Keidan Yizkor Book

From David Solly Sandler


There are three Yizkor books originating in South Africa. Two Yizkor books, Keidan and Rakishok, commemorate Lithuanian towns while the third remembers Chelm in Poland.  In my humble opinion the articles, stories and memories in the Keidan and Rakishokbooks, more than any other books I have read, tells us about Jewish life in Lithuania as it approached its destruction.

The Keidan Memorial (Yizkor) Book (see full details below) has now been translated into English. Bella Golubchick translated many of the articles into English and all the translations were reviewed and edited by Aryeh Leonard Shcherbakov and Andrew Cassel of the Keidan Associations of Israel and the US. I compiled and published the book.

This is now the second yizkor book originating in South Africa that has been translated into English. The first was the Rakishok Yizkor book published in September 2017 where I assisted with coordinating the translations for Jewish Gen. the publisher.

For more information or to obtain a book please contact

David Solly Sandler.


Keidan Memorial (Yizkor) Book 

The Keidan Memorial (Yizkor) Book, was first compiled in 1977 mainly in Hebrew by the Keidan Associations and Keidaners living in Israel, The US and South Africa to commemorate the 500 years of Jewish life in Keidan that was abruptly ended in July 1941 by the Germans helped enthusiastically by the local Lithuanians.

The book offers a multi-faceted historical view of Jewish life in Keidan – its 500-year history, its religious, educational, social and cultural institutions, youth organizations, portraits of its prominent people, memoirs of witnesses and survivors, the stories of exiles and wars and the Holocaust.

The publication of this Memorial Book in 1977 was the most important contribution of the Keinaner Associations to future generations of Keidaners. Originally released mostly in Hebrew (with smaller Yiddish and English sections), it has now been fully translated into English.

At first glance this book is like all the other hundreds of books published since the end of World War II in memory of the Jewish shtetl in Eastern Europe that had been and is no more. Keidan itself was one of those thousands of towns in the old Pale. Small towns with all their lights and shadows, their geographical and human landscape, their spiritual climate, the Jewish people who worked and toiled all week like busy ants in order to bring food to the family. With its odd and strange figures, whose daily life and golden dreams of the redemption of the nation and salvation of the world. In short, a shtetl, like all shtetlech.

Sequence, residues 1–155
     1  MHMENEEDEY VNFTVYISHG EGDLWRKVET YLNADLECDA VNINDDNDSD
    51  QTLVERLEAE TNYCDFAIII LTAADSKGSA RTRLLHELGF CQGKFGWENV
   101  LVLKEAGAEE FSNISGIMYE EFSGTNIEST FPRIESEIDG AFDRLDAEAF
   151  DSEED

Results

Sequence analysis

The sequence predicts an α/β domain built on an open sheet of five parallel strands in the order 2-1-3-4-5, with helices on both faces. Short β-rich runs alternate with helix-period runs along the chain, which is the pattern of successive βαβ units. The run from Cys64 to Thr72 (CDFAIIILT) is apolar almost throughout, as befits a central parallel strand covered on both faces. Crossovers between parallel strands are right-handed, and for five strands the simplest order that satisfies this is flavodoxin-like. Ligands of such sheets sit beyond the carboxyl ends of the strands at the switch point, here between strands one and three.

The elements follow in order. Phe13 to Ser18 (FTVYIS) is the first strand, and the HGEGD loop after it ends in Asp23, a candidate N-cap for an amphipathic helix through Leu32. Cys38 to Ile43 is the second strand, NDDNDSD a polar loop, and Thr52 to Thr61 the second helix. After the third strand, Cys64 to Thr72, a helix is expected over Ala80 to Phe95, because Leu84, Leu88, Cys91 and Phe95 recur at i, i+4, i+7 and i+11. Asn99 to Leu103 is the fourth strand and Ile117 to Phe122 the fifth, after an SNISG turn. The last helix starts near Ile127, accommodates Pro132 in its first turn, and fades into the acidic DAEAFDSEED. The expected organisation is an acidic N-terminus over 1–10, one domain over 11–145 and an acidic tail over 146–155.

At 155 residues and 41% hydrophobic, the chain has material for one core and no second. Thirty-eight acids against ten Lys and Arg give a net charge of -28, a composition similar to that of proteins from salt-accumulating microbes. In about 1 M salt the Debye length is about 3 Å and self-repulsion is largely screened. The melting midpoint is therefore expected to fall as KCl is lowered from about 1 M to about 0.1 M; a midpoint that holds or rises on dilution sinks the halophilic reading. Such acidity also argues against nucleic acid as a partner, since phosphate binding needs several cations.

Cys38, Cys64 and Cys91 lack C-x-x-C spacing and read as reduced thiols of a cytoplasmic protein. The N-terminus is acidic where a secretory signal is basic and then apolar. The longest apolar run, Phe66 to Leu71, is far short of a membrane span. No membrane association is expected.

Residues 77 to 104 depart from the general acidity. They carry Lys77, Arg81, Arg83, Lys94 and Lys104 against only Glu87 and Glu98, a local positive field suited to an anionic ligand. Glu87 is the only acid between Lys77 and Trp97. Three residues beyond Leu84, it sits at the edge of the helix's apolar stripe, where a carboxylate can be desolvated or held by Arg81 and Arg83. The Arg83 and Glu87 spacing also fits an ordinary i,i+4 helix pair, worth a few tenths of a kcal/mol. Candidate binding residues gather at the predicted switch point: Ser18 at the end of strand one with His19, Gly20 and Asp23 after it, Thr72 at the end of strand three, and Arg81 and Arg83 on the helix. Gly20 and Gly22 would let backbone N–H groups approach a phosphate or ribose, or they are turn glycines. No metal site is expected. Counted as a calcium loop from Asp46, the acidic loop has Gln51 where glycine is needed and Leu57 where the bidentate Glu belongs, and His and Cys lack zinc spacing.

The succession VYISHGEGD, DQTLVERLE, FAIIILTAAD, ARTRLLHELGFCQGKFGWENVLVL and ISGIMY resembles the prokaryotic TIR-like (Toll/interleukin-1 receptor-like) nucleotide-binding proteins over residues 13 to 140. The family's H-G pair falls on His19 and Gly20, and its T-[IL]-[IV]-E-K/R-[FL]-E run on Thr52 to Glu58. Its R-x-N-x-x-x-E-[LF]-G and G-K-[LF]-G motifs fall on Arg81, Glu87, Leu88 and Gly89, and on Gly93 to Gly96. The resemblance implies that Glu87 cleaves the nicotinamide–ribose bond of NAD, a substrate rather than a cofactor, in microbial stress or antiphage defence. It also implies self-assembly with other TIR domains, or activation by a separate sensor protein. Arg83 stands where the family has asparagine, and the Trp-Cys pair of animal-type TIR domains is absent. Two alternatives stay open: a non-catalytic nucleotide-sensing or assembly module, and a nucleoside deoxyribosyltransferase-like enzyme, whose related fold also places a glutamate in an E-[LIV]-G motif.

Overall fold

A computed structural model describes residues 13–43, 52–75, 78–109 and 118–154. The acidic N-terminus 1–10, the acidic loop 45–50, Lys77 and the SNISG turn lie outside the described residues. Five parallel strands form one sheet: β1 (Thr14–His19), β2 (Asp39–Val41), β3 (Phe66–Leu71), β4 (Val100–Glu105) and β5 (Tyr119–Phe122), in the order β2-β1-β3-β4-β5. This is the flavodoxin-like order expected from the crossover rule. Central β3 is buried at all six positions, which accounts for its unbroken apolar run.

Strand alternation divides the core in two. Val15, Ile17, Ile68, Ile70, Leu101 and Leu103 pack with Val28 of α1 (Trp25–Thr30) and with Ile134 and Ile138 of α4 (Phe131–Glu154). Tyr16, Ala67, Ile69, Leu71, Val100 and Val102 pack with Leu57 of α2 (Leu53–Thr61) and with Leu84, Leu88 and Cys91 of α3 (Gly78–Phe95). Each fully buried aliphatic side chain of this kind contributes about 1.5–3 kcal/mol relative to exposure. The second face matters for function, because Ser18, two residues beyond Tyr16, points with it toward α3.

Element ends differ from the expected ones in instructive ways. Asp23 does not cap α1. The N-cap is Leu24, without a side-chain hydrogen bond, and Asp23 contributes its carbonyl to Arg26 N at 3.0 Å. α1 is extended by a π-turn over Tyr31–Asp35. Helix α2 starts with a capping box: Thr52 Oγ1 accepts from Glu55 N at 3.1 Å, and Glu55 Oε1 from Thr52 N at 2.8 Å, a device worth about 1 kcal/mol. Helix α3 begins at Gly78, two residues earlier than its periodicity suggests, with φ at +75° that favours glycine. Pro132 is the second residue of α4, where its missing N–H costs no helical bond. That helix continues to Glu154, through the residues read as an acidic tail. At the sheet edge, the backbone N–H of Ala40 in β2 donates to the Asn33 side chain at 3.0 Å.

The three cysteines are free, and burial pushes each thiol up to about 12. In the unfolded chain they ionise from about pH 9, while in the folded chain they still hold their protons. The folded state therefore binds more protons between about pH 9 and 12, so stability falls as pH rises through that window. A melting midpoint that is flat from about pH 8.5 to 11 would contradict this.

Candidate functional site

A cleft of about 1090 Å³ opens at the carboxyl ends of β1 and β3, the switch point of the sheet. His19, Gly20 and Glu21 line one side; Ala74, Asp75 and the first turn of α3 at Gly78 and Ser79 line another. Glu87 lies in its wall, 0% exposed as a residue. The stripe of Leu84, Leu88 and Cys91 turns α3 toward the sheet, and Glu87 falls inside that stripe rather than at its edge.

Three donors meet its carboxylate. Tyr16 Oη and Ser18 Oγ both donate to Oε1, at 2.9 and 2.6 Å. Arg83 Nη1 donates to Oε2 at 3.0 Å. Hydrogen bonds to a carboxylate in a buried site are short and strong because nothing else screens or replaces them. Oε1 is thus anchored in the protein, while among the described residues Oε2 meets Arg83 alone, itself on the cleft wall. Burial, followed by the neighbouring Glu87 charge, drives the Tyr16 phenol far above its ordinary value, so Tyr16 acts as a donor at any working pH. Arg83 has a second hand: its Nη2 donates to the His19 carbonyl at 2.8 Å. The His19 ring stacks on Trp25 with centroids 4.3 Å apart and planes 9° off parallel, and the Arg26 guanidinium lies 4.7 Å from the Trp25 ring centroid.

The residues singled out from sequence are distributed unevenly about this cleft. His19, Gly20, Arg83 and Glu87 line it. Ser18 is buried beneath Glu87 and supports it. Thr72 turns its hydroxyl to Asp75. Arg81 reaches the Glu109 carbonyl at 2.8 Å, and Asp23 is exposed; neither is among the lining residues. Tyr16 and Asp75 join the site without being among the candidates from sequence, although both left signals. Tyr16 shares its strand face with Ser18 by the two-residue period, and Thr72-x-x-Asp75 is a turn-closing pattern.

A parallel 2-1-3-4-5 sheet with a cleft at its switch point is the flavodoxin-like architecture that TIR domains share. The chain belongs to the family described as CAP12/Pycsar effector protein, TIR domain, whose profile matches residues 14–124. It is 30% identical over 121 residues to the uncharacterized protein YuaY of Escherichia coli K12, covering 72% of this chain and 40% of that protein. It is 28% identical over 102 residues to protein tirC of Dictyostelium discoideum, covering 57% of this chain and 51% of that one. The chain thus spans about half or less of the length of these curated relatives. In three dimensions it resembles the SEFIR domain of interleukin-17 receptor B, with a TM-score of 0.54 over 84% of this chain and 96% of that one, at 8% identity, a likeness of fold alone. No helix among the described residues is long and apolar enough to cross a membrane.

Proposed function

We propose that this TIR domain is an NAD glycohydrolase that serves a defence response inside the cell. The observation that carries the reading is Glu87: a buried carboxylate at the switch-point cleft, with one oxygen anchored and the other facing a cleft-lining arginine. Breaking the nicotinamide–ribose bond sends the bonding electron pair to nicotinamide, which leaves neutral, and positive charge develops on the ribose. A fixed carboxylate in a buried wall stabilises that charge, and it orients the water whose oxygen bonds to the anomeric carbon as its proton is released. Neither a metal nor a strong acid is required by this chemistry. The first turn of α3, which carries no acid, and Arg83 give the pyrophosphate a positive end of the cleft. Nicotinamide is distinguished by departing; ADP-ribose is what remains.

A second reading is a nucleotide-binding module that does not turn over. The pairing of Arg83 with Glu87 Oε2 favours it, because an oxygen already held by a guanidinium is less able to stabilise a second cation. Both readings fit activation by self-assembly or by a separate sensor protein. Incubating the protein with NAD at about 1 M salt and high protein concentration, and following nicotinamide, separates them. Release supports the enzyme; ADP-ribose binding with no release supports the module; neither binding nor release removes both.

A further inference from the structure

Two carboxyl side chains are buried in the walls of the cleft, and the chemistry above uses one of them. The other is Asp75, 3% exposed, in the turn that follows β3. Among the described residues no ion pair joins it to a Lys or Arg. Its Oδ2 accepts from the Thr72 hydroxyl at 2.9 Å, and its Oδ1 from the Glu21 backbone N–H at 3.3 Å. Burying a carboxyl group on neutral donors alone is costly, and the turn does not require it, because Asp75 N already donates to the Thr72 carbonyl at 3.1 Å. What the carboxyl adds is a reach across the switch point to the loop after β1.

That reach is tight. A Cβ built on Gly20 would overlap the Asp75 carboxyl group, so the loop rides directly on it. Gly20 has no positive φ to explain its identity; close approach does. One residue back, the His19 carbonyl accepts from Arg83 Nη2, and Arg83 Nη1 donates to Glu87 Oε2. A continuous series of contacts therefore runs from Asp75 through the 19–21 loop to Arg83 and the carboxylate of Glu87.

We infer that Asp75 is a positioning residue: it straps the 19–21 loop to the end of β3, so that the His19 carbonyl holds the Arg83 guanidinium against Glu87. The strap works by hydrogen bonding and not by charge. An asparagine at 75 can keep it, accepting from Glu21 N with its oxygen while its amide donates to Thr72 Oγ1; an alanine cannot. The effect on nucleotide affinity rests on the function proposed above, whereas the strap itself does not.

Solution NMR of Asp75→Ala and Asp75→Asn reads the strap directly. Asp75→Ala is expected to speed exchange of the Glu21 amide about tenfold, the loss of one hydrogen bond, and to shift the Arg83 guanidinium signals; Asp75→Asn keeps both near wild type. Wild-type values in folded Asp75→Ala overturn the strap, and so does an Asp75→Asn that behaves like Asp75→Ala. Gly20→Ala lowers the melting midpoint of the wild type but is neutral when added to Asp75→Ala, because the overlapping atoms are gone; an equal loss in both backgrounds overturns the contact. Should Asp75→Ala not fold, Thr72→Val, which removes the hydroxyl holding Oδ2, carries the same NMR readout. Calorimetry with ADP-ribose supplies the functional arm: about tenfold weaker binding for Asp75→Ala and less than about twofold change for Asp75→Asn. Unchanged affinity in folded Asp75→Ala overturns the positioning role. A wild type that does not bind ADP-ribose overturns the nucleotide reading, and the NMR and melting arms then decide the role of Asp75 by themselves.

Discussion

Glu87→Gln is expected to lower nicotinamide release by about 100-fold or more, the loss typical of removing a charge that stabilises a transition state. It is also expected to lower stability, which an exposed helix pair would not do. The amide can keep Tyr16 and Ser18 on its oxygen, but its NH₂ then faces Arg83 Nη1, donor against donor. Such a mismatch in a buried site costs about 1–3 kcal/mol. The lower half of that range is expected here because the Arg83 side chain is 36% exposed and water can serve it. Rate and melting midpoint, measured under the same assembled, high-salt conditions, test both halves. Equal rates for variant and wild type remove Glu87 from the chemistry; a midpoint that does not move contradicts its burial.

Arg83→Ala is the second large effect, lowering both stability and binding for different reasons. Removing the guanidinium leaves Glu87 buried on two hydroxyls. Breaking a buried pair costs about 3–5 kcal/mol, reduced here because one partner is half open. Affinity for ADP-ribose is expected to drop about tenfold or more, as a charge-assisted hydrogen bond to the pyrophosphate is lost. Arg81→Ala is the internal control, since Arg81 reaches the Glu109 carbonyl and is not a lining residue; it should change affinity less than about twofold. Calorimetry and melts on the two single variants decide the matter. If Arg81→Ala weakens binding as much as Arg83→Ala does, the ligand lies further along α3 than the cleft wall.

The birth pangs of this book were hard and prolonged. Yet it is natural, and it doesn’t lessen its importance, if we shall consider that the whole book is a product of the common effort of the town’s people who invested in it the most important element – love. Actually, no scientific research works have been included in this book, but memories which sometimes reach the height of true art, and – what is even more important – they distinguish themselves with a clean and refined truth, as it was seen with the eyes of the writers. They described all they had seen in a quiet, restrained way, without any trimmings, yet, for all that these memories speak to the reader with an unusual strength of expression.

One of the main goals of the book is the commemoration of the period of the Holocaust. Very few people have remained from that terrible period. Very few of those who had seen the terror from close up saved themselves by a miracle, and it is their duty to tell about their personal experiences. There are others who succeeded to escape from the Holocaust and to spend the war in wanderings in distant places or in fighting the cruel enemy. Each one told, in his own language, the facts as he knew them. More than once the book contains different versions of the same events. This fact, which can happen in historical scientific works too, will no doubt be forgiven in a book which was written not by historians, but by men who drew their descriptions not from documents in an ivory tower of a library, but from their own memories, that were tortured in the ghettos, concentration camps and forests. This is however the naked truth, rough and not polished, a truth solid like rock from which eternal monuments are shaped.

Still, this book is more than an eternal monument. It is an effort to return to the shtetl in its happy moments as well as in its last hours, to be together with the father and the mother, with the brothers and sisters, at the Shabbat table as well as at the mass grave on the fateful day, to isolate oneself within Keidan, one of the precious stones in the lost crown whose name was Eastern European Jewry.

There is no relief in this book for the wounded soul of a son of Keidan, but there is in it a eulogy and a kaddish which was not said on the grave of the martyrs, and which will be said now whenever we shall take this book in our hands.

For more information or to obtain a book please contact

David Solly Sandler.

Keidan Memorial (Yizkor) Book – the cover